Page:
• On campus, our edible Schoolyard is more than a half acre dedicated to teaching students about nature, how to grow food and build community
  • Recent Partnership with the North Carolina Museum of Natural Sciences
  • Students recognized for their work on molecular biology funded by the National Science Foundation
  • Appreciate the beauty of our campus, but interestingly enough we are simultaneously cultivating nutrient-rich mulch made from composted food scraps.

A recent distinguished accomplishment was ASU hosting an energy initiative conference for the UNC System schools. Where notable speaker, Amory Lovins challenged us with something that I believe Appalachian exemplifies; the idea that energy savings is become more than the “green” thing to do; saving energy is developing into the “RIGHT” thing to do. Appalachian cultivates this proactive mindset through the courses and culture on campus; students are taught to be adaptive and innovative in a rapidly changing world.

Just yesterday evening, I attended a concert comprised of student pieces that were inspired by statues from around campus. I was further impressed that each composition included an audio manipulated recording of sounds of the students creating percussion with the statues. I was completely taken aback by the originality of their projects; it was creativity and imagination that I could literally hear.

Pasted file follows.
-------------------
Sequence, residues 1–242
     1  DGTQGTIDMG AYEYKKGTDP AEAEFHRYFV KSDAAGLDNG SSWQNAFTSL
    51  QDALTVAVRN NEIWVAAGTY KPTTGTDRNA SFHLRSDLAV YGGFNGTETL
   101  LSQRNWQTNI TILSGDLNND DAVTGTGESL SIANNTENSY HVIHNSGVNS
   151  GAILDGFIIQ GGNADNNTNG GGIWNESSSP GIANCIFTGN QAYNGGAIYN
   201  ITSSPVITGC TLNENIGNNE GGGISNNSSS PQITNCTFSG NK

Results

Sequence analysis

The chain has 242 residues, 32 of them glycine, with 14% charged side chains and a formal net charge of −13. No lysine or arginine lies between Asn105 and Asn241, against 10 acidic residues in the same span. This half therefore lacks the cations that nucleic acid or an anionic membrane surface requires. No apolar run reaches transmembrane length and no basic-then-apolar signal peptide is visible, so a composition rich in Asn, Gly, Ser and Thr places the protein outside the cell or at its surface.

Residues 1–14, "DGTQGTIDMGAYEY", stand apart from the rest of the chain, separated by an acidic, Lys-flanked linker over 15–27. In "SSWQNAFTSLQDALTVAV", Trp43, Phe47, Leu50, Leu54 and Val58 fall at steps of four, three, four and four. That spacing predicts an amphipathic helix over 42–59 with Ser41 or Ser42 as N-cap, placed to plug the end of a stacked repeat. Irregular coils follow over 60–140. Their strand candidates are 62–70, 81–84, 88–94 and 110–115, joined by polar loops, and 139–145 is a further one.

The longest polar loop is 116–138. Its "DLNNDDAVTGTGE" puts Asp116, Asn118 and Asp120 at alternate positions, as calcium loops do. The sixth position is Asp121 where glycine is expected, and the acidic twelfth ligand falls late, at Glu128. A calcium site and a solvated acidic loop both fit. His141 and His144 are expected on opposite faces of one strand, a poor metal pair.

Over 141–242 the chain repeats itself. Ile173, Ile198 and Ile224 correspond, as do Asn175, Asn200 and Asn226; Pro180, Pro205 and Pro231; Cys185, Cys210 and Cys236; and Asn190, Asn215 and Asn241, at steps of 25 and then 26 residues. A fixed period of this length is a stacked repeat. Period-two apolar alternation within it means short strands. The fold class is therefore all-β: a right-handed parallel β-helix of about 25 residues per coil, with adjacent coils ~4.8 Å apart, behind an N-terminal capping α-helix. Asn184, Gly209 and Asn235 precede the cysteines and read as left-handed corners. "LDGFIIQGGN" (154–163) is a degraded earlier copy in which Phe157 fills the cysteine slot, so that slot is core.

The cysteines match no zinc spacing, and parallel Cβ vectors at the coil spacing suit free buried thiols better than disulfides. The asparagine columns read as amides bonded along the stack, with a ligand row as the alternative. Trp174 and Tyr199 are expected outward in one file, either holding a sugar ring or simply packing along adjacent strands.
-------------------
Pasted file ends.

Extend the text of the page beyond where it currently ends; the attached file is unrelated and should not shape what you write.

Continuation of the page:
Our impact is not limited to Boone, even to North Carolina. Presently, we have students in New York, Washington and dozens of countries internationally pursuing internship opportunities.

Our potential is brewing inside of us, we’re craving to explore and share our innovation, and we are hindered by societal realities of waning funding, availability and opportunity.

I expect a cringe from my superiors in what I’m about to write, but give us the opportunity to fail!

Progress is admirable but we must first know how to slow down and reassess our strategy before we reach that glorious point of success. This cannot be achieved without the allotment of several opportunities to succeed before monumental achievement. The chance to further innovation and resourcefulness allows us a view a world far beyond the realm of a college education. These qualities are transferrable skills in any career; they prepare us for life, not just for a job within our major.

The return on the investment in Appalachian is insurmountable.

In closing, I have no idea what my future holds, but I can confidently tell you that no matter what career I pursue, I couldn’t have done it without Appalachian. Appalachian cultivated my potential to succeed and I hope that opportunity is extended to all the students in my Appalachian family.

Thank you and I look forward to seeing a future of cooperation between Appalachian and RTP.


Cameron Carswell


About Cameron:
Cameron Carswell is an Appalachian student. She is 
President of the Association of Student Governments, 41st Session. She is also a 
Member Ex-Officio of the NC Board of Governors.